9 Questions We Still Don’t Know About The Shooting of Michael Brown #ArrestDarrenWilson #JusticeForMichaelBrown
It has been more than a month since Ferguson, Missouri, police officer Darren Wilsonshot Michael Brown, an unarmed, black 18-year-old, prompting weeks of protest in Ferguson and around the US.
A point of frustration among many of the people watching this unfold is how little information is out there — and how long it took for police to reveal any details at all. Police waited nearly a week to release Wilson’s name, for instance. And although rumors abound, there is still so much we don’t know about either the shooting or the investigation. Here are nine important details that are still unclear.
1) What Darren Wilson says happened during the shooting
A protestor holds a photograph of Michael Brown (Joe Raedle/Getty Images)
Jon Belmar, the chief of the St. Louis County police department, which is investigating the shooting, gave the press what is presumably a summary of Wilson’s version of events, saying that “the genesis of this was a physical confrontation,” in which Wilson tried to get out of his car, and Brown pushed him back in. According to Belmar, Brown then assaulted Wilson and attempted to grab his service weapon, and a shot was fired from inside the police car. However, Belmar refused to give more details about what happened, citing a fear that he might “prejudice the case.”
That means that we don’t know anything about what Wilson says Brown was doing when he fired the fatal shots. Almost every known eyewitness has said that Brown ran away from Wilson, then, when Brown turned around with his hands up, Wilson continued to shoot until the teenager fell to the ground. As Dara Lind explains, these missing details are some of the most important when it comes to Wilson’s legal case. We also don’t know where Wilson is — he hasn’t been arrested, his location is not publicly known, and he hasn’t made any public statements or appearances since the shooting.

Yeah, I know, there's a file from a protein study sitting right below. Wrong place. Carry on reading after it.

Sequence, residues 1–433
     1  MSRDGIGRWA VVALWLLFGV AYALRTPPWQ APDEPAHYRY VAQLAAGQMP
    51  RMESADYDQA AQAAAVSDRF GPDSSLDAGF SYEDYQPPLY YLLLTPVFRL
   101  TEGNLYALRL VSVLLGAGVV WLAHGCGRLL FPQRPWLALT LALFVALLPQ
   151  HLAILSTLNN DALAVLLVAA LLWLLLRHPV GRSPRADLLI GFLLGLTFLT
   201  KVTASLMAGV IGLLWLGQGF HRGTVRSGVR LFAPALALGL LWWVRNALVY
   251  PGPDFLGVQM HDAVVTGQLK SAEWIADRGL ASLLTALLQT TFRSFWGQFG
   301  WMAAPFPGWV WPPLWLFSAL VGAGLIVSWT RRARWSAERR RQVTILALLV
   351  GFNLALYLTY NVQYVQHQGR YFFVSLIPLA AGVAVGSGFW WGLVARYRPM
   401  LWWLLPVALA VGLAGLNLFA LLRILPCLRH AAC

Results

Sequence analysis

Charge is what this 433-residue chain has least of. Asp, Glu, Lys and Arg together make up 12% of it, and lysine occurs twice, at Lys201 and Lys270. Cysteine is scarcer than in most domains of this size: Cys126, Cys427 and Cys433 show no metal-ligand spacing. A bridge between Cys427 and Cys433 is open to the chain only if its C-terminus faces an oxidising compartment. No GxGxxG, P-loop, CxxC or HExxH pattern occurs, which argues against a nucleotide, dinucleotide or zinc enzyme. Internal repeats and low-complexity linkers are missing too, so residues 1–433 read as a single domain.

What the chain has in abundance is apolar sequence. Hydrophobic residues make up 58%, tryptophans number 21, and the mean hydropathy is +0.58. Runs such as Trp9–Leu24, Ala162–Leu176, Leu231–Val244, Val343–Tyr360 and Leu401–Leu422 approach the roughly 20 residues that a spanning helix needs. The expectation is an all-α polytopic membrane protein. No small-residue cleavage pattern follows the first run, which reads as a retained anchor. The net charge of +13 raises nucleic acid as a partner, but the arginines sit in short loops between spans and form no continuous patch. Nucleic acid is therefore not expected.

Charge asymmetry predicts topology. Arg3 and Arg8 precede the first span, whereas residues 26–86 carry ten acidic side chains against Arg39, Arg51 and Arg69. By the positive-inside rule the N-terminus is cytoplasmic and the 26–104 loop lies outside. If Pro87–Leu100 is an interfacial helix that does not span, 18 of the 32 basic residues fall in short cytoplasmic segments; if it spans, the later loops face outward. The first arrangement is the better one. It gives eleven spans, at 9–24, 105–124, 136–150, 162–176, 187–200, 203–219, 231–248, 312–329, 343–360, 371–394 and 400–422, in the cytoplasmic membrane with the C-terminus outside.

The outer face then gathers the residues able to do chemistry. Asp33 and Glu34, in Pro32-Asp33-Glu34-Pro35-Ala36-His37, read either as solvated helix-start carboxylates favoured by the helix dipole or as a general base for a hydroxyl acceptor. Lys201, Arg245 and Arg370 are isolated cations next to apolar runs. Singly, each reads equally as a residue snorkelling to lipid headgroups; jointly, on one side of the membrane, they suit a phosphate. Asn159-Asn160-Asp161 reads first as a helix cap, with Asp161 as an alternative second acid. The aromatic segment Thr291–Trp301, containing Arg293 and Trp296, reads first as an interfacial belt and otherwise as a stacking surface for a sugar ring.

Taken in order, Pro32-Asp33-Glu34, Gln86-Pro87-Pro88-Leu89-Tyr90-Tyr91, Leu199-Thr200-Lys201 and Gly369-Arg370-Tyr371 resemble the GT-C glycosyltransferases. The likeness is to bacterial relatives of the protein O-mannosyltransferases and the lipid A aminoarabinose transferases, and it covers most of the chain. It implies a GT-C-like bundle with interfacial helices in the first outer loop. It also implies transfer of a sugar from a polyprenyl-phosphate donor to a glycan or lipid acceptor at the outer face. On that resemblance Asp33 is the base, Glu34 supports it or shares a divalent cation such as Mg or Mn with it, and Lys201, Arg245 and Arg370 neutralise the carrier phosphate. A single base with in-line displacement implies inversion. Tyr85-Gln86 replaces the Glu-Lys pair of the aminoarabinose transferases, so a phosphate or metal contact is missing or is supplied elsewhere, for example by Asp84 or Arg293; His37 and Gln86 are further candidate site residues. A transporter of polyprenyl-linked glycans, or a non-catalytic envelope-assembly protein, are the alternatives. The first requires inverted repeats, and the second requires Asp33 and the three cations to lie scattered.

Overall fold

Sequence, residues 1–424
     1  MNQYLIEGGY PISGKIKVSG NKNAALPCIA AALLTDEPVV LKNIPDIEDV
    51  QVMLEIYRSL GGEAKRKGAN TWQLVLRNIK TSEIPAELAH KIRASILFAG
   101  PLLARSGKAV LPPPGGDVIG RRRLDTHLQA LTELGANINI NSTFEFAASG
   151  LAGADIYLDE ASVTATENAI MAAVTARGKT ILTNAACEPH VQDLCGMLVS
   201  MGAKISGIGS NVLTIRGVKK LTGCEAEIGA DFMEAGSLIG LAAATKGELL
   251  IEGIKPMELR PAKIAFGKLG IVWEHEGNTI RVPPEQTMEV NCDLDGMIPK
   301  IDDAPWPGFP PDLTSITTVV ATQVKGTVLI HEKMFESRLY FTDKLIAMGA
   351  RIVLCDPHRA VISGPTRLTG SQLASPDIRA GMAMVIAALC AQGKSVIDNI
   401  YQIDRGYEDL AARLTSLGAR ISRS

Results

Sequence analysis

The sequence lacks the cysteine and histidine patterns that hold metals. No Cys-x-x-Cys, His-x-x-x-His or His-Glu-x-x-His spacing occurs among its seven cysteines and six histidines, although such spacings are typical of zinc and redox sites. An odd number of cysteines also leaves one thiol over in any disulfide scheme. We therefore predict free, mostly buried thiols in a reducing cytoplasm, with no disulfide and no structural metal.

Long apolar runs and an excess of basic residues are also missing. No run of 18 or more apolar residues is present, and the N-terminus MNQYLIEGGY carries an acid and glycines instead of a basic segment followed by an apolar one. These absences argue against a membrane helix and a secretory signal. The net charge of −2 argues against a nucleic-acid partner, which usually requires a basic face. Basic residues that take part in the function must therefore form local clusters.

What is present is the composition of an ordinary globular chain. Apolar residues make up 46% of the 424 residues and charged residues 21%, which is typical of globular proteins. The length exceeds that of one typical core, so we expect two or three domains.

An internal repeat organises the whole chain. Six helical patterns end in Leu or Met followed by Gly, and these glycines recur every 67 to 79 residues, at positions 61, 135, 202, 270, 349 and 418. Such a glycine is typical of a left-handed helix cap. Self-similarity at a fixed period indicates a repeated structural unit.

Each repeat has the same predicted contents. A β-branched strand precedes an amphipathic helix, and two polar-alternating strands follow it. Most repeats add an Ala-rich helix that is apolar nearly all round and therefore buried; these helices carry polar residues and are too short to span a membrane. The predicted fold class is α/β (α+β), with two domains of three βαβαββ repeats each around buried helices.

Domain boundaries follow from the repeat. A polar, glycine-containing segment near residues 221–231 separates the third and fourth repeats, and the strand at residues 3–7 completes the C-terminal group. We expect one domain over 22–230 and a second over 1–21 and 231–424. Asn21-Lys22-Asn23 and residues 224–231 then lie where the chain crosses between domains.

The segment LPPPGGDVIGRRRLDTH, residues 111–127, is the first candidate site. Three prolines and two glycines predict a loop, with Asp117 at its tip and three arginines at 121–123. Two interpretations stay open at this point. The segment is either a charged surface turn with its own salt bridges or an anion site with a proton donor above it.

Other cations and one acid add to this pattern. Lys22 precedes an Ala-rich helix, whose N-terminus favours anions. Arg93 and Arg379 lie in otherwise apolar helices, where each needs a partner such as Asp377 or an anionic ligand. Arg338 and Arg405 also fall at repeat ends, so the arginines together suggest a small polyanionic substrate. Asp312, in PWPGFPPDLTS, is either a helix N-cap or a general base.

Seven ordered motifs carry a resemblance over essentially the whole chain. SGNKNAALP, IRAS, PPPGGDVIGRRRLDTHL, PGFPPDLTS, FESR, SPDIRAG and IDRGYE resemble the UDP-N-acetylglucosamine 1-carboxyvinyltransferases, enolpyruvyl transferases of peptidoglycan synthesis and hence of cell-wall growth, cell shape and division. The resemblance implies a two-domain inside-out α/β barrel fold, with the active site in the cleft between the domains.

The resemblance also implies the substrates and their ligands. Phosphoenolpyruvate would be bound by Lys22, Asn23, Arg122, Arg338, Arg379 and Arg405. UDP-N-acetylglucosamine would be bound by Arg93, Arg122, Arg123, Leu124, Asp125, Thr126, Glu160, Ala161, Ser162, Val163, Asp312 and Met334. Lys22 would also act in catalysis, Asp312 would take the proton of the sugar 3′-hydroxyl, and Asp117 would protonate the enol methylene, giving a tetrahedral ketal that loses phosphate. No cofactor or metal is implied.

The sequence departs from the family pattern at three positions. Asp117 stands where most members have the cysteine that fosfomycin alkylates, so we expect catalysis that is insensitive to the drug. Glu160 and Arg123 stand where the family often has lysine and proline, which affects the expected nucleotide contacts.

2) Whether Darren Wilson was injured
Police block demonstrators near Ferguson (Scott Olson/Getty Images)
Ferguson police chief Tom Jackson said during a press conference that Wilson went to the hospital after the shooting and was treated for a “swollen face,” but it’s not at all clear what that means, because “swelling” is not a type of injury.
Initial reports that Wilson had a broken eye socket have been debunked, and there have not been any credible reports that Wilson suffered other injuries.
3) Why the St. Louis County Police Department waited so long to investigate the shooting
A makeshift memorial to Michael Brown. (Scott Olson/Getty Images)
Immediately after the August 9 shooting, the Ferguson Police Chief transferred responsibility for the investigation to the St. Louis County Police Department. However, the county police department’s investigation appears to have taken a long time to get underway. For instance, the police apparently did not interview Brown’s friend Dorian Johnson, who was with Brown when he was killed, until Wednesday, August 13.
4) The results of the St. Louis County Police Department’s investigation
A silent protestor at a Ferguson city council meeting (Scott Olson/Getty Images)
We don’t know any real details about the investigation — including how many witnesses police spoke to, or what those witnesses said. The results of the investigation have not yet been made public.
5) What evidence the county prosecutor is presenting to the grand jury
Protestors outside the courthouse where a grand jury is hearing evidence about the shooting of Michael Brown (Joe Raedle/Getty Images)
On Wednesday, August 20, the St. Louis County prosecutor’s office began presenting evidence about the shooting to a grand jury. County Attorney Robert McCulloch has promised that “absolutely everything will be presented to the grand jury. Every scrap of paper that we have. Every photograph that was taken.”
But that statement doesn’t tell us very much, because we don’t know what evidence McCulloch has, or how he’s presenting it. This is a question that probably won’t get answered. Grand jury proceedings are secret by default, and it’s very rare for their records to be made public.